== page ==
1942-1945 — Kellogg’s employees proudly produced K-rations for the U.S. armed forces overseas during World War II, and our engineering teams helped manufacture supplies in Kellogg machine shops. We continued to help America get nutrition by bringing new, whole-grain cereal to life when we introduced Kellogg’s® Raisin Bran®.
1969 — The Kellogg Company was honored to provide breakfast for the legendary Neil Armstrong, Buzz Aldrin and Michael Collins during their groundbreaking Apollo 11 trip to the moon.
1997 — We opened the W.K. Kellogg Institute for Food and Nutrition Research — where food scientists, nutritionists and engineers transform wholesome grains and other ingredients into great-tasting and good-for-your-family foods.
2006 — The Kellogg Company celebrated our 100-year commitment to nutrition, health and quality. We also celebrated our future — by creating new Kellogg’s® Special K® Bars and other innovative ways of giving your family the delicious nutrition you need to make the most of every day.
2009-2010 — After discovering that many people in the U.S. don’t get enough fiber, Kellogg increased the fiber in many of our most popular cereals — including Kellogg’s® Froot Loops®. Now, in the U.S., Kellogg Company offers more ready-to-eat cereals that provide at least one good source of fiber (3 grams) and one-half serving of whole grains (8 grams) than any other U.S. food company.
Today — We’re proudly upholding the values W.K. Kellogg instilled more than 100 years ago — but now we’re doing it in 180 countries across the world. We still provide you and your family with better breakfasts that lead to better days, and we flake corn the same way W.K. Kellogg did back in 1898. It just tastes better that way.
text from kellogghistory.com
As I have mentioned before, my mother worked at Norway’s largest producer of mayonnaise most of her working life, so I grew up on the stuff. And as a Norwegian I also have a great love of cranberries, almost all of us do.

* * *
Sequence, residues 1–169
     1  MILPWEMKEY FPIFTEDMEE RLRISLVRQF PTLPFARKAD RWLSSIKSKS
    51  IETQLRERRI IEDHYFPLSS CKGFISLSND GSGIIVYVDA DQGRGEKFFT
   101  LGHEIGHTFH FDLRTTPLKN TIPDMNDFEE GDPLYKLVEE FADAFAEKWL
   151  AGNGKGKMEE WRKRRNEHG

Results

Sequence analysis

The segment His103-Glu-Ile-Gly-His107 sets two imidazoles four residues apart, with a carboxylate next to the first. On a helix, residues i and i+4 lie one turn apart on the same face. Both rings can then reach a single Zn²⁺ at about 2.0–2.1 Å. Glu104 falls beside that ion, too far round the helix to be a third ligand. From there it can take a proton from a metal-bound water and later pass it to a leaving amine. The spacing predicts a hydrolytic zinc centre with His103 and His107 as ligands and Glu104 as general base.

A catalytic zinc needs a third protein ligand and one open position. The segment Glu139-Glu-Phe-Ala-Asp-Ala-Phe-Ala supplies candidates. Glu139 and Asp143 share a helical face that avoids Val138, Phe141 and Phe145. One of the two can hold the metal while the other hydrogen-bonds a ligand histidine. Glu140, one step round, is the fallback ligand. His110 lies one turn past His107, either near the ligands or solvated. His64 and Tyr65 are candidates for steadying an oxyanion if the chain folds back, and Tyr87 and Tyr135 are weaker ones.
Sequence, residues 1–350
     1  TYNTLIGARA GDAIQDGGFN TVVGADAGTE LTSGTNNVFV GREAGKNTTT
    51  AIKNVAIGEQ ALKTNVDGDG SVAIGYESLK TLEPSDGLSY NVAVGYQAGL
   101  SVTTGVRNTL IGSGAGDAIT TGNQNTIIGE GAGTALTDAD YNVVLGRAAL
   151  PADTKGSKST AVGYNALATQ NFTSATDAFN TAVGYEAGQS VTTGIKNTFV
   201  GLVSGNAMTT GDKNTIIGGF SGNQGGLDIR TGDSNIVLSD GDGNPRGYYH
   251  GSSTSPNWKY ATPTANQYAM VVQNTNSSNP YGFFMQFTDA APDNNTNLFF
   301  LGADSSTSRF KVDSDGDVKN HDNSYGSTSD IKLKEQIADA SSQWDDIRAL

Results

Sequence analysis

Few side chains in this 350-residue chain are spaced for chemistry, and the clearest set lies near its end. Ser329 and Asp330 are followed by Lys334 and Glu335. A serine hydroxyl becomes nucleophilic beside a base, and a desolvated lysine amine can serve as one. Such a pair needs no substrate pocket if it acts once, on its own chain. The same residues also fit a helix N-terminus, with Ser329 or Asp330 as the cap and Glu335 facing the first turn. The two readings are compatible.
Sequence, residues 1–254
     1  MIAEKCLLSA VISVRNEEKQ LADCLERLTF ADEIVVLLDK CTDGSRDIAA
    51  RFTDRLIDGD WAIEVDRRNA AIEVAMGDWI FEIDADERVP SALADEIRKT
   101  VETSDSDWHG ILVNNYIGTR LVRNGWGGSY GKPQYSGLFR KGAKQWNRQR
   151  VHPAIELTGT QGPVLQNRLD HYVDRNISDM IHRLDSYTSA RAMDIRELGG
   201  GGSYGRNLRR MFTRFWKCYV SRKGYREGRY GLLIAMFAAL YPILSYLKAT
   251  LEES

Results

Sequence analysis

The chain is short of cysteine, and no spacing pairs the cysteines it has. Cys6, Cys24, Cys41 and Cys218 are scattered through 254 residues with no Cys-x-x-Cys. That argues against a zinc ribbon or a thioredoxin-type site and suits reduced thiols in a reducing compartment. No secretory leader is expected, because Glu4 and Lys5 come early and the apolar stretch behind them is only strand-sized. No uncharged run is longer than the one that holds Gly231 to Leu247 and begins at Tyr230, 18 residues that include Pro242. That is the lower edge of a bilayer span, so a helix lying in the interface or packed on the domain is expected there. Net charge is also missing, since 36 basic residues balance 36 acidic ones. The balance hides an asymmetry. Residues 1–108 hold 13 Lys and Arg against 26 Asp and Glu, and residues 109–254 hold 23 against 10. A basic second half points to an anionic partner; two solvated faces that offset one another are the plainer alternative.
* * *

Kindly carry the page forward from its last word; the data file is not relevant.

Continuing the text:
But mixing the two, well, I’m not all that sure really. But that’s just me. What ever blows your skirt up visitor, go for it if it tickles you fancy- Ted 😉
A fruit cake rich in candied fruit, crunchy nuts, with both dark and golden seedless raisins.
Pet, Inc., was an American company that was the first to commercially produce evaporated milk as a shelf-stable consumer product and later became a multi-brand food products conglomerate. Its signature product, PET Evaporated Milk, is now a product of The J.M. Smucker Company.
PET Dairy is a regional brand of fresh and processed dairy products in the Southeastern United States made by the Land-O-Sundivision of Dean Foods. Many of the remaining brands once owned by Pet, Inc. are currently part of General Mills.
Text from Wikipedia
California grown, Libby’s are the peaches you would have picked from the trees yourself. Round and beautiful, tender and juicy . Libby’s are the perfectly luscious peaches – Since it is not imported to Norway, as far as I know, we’ll have to make do with other equally delicious peaches 😉